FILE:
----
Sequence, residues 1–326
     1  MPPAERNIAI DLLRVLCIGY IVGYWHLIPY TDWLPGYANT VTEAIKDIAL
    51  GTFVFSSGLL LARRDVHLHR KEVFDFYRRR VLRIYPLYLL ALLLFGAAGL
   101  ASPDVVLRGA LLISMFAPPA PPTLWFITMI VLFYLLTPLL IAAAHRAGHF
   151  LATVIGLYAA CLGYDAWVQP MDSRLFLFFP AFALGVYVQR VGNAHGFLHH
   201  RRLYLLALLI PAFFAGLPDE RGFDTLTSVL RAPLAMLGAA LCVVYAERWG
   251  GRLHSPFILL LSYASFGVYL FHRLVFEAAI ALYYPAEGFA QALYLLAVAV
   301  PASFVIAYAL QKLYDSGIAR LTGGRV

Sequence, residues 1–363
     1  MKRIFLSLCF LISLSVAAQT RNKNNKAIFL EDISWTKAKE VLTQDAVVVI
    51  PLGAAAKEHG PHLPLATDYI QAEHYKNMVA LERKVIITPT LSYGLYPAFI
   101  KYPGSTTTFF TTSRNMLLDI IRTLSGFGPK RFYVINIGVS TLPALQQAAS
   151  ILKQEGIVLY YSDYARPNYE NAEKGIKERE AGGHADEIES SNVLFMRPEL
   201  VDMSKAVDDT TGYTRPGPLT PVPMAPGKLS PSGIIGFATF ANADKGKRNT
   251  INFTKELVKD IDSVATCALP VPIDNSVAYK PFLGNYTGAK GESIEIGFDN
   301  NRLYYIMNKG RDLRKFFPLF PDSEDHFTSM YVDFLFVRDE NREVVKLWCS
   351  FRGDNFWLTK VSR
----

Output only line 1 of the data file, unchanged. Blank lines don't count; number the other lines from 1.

Sequence, residues 1–326